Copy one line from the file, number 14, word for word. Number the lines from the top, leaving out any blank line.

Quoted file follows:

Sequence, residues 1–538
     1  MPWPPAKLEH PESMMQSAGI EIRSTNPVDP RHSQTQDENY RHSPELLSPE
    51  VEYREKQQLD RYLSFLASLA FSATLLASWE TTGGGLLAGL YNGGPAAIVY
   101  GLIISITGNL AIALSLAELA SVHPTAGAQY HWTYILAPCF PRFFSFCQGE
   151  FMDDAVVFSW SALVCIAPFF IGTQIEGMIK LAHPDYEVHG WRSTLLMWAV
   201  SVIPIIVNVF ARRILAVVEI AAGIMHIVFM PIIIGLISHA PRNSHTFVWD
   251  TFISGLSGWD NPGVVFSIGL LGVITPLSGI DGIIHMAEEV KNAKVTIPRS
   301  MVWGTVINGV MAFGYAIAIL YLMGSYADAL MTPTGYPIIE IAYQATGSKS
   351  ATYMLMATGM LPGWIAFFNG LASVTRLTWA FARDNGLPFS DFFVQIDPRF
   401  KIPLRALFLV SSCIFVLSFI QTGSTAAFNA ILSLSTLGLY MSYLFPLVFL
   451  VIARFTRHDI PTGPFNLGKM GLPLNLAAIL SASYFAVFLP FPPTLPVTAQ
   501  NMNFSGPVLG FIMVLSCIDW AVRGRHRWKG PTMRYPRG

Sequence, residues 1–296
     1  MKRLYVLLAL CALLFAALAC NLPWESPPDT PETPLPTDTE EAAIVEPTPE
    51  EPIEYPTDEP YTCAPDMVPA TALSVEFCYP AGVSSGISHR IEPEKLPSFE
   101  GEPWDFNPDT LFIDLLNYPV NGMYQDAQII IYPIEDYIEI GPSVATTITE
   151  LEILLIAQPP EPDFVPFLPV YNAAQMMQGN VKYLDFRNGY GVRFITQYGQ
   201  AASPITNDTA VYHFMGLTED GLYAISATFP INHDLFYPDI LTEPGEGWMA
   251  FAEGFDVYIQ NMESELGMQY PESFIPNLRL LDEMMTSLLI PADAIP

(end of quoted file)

     1  MKRLYVLLAL CALLFAALAC NLPWESPPDT PETPLPTDTE EAAIVEPTPE